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Posted on Jan 02, 2017
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Posted on Aug 24, 2009
1.Remove the AC adapter if plugged in, remove the battery.
2.Wear an ESD wrist s-trap, and have it connected to a good ground. Work on a table, have a container with multiple compartments for the screws, and mark where each screw came from. There are as many as 65 screws, and 8 different sizes.
3.Completely disassemble the laptop, down to the bare motherboard in your hand. Remove the LCD screen assembly. No Processor, Cooling Tube, Heatsink, Ram Memory modules, CD/DVD drive, Harddrive, Wireless Antenna module, Keyboard, Nada!
4.Buy a replacement DC Power Jack.
Here is an example of one,
5.Use the correct tools.
If you're a really experienced tech, you can use a 30 to 40 Watt soldering iron. No.2 tip. Have a clean damp sponge nearby, to constantly clean the tip.
Make sure the tip is clean and tinned correctly.
Or use a medium priced soldering station.
I advise using soldering wick, (Desoldering Braid), instead of a Desoldering Tool. Works much better.
5.Use the correct soldering procedures.
Linger too long when heating up the solder joint, to remove the DC Power Jack, and you stand the chance of burning the board. (Motherboard)
Also could lift the Circuit Trace right off of the board.
(Circuit Trace may be thought of as a very thin, copper wire on the motherboard. It isn't, but this explanation will do)
Do any of the two errors above, and you can use the motherboard for a Frisbee.
My method for removing the DC Power Jack, is to pull up on one lead at a time. Use constant pressure with my finger, and thumb. (Don't get 'Godzilla' on it. It can break. Everything has it's limits!)
I heat the solder joint for that one lead, and try to pull it up, a little out of the board. Then I move over to another lead, heat it, and pull up slightly on it. Keep moving from lead to lead, until finally they start pulling out.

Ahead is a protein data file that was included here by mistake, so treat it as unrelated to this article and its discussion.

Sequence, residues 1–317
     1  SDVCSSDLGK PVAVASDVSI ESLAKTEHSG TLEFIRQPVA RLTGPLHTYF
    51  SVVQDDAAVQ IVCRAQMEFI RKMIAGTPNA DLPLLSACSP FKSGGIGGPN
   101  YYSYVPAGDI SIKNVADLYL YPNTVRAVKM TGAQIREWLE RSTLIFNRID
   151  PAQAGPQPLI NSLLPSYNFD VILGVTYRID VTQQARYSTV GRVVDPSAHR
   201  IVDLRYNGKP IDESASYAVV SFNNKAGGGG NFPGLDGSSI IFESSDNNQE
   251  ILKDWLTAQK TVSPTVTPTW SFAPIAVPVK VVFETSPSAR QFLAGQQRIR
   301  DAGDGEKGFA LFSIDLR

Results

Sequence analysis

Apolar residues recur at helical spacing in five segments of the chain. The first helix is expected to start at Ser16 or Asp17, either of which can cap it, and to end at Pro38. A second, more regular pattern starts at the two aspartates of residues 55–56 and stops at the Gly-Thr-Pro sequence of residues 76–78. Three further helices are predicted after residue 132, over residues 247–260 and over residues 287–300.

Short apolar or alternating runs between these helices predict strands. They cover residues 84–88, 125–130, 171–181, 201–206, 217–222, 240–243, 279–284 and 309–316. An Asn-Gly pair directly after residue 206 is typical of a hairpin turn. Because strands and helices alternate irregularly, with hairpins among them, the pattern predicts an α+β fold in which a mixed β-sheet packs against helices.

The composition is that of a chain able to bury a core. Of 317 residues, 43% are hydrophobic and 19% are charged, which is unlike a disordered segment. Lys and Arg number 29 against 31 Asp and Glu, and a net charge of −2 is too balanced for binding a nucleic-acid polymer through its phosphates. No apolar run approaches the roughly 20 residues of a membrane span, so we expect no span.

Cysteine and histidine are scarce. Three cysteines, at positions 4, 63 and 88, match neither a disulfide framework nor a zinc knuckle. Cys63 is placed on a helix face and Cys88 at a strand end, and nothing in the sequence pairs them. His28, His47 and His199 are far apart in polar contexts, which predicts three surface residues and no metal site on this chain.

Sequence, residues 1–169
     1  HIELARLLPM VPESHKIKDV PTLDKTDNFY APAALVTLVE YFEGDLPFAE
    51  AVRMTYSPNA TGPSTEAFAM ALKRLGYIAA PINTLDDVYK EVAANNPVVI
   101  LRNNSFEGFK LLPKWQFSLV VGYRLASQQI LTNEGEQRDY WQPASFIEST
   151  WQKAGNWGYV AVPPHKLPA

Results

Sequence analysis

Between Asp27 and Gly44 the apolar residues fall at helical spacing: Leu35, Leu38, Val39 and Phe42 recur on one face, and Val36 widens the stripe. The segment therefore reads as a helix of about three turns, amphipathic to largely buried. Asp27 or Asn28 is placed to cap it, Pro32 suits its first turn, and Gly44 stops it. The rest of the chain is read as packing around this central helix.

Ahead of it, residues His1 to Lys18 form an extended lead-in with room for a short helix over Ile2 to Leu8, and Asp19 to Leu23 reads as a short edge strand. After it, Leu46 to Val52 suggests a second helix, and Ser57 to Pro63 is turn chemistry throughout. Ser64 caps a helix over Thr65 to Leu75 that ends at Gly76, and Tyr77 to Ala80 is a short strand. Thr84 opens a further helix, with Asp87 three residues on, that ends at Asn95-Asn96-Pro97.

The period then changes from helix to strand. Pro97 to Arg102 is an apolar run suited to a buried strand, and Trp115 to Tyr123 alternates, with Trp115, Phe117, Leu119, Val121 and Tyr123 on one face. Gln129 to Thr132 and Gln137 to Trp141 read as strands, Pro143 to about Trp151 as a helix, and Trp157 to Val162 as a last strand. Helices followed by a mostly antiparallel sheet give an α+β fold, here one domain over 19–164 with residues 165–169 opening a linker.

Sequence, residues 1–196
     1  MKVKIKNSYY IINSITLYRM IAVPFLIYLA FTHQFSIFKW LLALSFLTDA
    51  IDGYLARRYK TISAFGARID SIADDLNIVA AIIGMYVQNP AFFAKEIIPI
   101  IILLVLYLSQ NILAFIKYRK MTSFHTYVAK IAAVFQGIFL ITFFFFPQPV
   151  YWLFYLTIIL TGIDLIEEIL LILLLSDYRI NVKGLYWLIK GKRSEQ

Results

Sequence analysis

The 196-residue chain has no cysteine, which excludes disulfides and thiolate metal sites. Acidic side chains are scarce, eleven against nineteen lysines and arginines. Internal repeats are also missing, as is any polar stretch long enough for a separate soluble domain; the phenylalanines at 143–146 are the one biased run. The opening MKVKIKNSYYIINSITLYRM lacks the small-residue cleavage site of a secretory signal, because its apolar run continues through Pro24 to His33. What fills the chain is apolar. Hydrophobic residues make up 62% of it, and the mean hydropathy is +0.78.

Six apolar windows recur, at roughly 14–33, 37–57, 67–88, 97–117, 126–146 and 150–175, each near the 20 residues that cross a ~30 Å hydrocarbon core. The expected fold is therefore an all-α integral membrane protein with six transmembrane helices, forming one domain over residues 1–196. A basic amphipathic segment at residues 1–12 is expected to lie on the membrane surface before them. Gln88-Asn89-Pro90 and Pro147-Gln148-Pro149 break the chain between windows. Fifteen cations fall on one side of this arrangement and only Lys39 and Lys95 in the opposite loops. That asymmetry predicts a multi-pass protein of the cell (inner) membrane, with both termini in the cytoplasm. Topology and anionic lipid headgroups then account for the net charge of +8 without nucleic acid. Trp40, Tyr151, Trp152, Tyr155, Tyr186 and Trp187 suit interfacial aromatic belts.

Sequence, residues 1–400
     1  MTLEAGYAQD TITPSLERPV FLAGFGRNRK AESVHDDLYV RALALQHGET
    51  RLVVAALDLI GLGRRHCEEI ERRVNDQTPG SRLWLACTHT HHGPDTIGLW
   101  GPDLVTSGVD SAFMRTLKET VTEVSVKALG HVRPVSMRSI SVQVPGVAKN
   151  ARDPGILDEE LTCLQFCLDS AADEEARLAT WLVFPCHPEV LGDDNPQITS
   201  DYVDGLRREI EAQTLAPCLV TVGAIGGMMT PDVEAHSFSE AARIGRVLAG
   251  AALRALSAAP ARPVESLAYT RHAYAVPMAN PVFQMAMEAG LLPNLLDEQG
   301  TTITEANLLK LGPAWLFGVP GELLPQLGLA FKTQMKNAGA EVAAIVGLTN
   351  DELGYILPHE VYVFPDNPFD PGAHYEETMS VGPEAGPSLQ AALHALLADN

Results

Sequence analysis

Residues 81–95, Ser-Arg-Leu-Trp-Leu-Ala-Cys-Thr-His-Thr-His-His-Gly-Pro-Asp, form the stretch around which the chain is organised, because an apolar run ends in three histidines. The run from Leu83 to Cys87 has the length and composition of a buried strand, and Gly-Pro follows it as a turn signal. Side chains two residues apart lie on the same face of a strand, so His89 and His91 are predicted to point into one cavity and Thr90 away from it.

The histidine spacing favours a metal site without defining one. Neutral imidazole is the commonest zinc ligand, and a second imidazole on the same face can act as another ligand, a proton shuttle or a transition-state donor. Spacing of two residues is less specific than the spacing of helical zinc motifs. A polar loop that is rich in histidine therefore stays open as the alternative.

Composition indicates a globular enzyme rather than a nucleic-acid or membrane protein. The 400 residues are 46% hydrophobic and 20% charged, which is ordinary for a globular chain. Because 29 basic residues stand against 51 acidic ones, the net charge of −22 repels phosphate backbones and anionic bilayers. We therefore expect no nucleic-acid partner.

After the jack is removed, the area needs to be cleaned. I use 90 percent Isopropyl Alcohol, and Q-tips.
This is HIGHLY FLAMMABLE! Keep it away from that hot soldering iron, and use in a Well ventilated area.
Always immediately return the cap to the bottle, and tighten the cap well.
Have fire precautions ready, just in case an accident happens.
Better Safe, Than Sorry!
The area of solder, around the hole in the board for the jack, may need to be buffed off. (Fine sandpaper in a tight roll, or a fingernail file using the fine side)
All areas that will accept solder need to be clean, and tinned.
Tinned, ...is the area is cleaned, a light spot of flux is touched around the rim of the hole, then solder is applied. The hole's rim then has fresh solder around it, and is ready to accept the DC Power Jack lead.
Be sure you have good solder joints! You may not see a cold solder joint, until you put the laptop back together, and the jack doesn't work. Then you get to take it all back apart, look at your solder joints, and go "OH".
This may help you in disassembling,
Posted on Oct 19, 2009
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